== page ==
“That was the first time I saw Commissioner Stern face to face after making the announcement and he was so just receptive. I wouldn’t have felt comfortable coming out if not for him and the way he changed the culture with regards to not allowing homophobia in our sport anymore.”

At least not open expressions of homophobia.

Like other “isms” and “skisms”, an overseeing body or government cannot legislate away prejudice and fear. However, it can try to minimize its impact on others. When it comes to the world of sports, there is no greater example of this than Stern allowing Magic Johnson to play in the 1992 All-Star game after he was voted in as a starter despite HIV forcing him into retirement. And while being gay and having HIV is not and was never synonymous, that distinction didn’t matter with regards to how it was reported in the news or spoken about, especially back then.

David Stern, left, and Earvin "Magic" hug Johnson during the 2014 Basketball Hall of Fame Enshrinement Ceremony.
David Stern, left, and Earvin “Magic” Johnson during the 2014 Basketball Hall of Fame Enshrinement Ceremony.
(Jim Rogash / Getty Images)

“In 1991, the world was a much different place,” said Lon Rosen, executive vice president and chief marketing officer for the Dodgers. Rosen, who knew Stern before he became commissioner, was Johnson’s agent at the time. “In those days, HIV meant death. There were players who didn’t want him to play. Owners were also very upset.”

Today, HIV is a treatable, chronic disease. However, by the end of 1991, the year Johnson announced he was HIV-positive, the Centers for Disease Control and Prevention listed AIDS as the second leading cause of death among men 25 to 44 years of age. It was one of the five leading causes of death among women 15 to 44.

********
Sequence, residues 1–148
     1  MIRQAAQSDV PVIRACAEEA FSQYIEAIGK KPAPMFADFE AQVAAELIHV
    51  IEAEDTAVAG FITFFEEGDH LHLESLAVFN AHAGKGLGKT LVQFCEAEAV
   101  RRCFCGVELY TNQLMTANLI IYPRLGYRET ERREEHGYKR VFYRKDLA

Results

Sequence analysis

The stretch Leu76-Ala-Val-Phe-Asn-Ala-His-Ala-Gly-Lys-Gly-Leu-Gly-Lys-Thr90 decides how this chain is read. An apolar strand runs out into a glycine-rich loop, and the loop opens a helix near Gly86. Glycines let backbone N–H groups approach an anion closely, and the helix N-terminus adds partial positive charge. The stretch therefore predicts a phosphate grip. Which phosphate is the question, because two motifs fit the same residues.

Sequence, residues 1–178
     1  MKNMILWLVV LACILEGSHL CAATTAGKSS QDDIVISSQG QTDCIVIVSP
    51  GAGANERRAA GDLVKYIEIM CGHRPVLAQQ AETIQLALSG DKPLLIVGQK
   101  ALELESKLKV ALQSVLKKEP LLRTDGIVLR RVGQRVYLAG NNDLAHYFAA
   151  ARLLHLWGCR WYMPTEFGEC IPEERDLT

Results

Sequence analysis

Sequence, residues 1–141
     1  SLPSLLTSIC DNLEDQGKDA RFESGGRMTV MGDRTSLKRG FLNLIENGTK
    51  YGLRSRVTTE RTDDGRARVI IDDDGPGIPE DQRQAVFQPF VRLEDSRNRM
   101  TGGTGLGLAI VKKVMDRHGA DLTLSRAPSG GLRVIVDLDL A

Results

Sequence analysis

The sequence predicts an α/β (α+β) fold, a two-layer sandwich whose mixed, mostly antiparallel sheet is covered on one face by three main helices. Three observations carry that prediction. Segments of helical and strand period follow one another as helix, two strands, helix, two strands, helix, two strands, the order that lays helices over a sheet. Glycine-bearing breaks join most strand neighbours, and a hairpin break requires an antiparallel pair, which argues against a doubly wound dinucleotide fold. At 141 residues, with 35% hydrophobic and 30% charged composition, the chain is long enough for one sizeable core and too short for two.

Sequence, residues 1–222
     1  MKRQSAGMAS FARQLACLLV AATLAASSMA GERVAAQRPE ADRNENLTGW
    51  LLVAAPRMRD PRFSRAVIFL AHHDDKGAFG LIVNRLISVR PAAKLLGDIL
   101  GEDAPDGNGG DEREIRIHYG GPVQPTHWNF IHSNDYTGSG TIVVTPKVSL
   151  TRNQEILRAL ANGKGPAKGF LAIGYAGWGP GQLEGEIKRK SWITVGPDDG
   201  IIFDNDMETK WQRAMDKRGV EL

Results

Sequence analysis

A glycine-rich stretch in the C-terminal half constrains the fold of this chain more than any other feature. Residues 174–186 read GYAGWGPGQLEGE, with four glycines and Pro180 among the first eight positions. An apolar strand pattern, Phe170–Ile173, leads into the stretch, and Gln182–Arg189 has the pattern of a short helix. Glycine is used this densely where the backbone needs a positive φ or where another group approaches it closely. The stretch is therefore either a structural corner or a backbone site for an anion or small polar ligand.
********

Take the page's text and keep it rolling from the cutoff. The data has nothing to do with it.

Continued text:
“But David didn’t let fear guide him,” Rosen said. “He got as much information as he possibly could. Spoke to all of the top scientists. Elizabeth Glaser (who became a renowned AIDS activist after contracting HIV in 1981) was very instrumental in helping David. It was literally all hands on deck. His first priority was saving Earvin. His second was figuring out a way to use this to help save others.”

Which led to, among other things, Johnson doing a Nickelodeon special with HIV-positive children, talking about living with the disease and the stigmas attached to it.

“I just want people to know that we are just normal people,” said Hydeia Broadbent, who was then 7 and fighting back tears.

“Aw, you don’t have to cry,” Johnson said to her, “because we are normal people. OK? We are.”

LeBron James, Dwight Howard and others will never forget the impact former NBA commissioner David Stern made in their lives.

That moment, and all the good that came from it — such as Broadbent growing up to become an HIV/AIDS activist herself — does not happen without Stern’s compassion, courage and leadership.

“He looked back at this as his proudest moment,” Welts said of Stern. “He completely changed the dialogue on HIV/AIDS. It went from no one knowing anyone with the virus to everyone knowing at least one person that they liked and or loved who was HIV-positive. I’m not sure another person could have guided that process.”

It was announced that all NBA players and referees will wear a black band on their uniforms to honor Stern’s life. I understand the gesture, but forgive me for thinking it’s a tad out of place. Black exists in the absence of light. When the sports world was in the dark with regards to LGBTQ inclusion, for decades, Stern was the brightest of lights.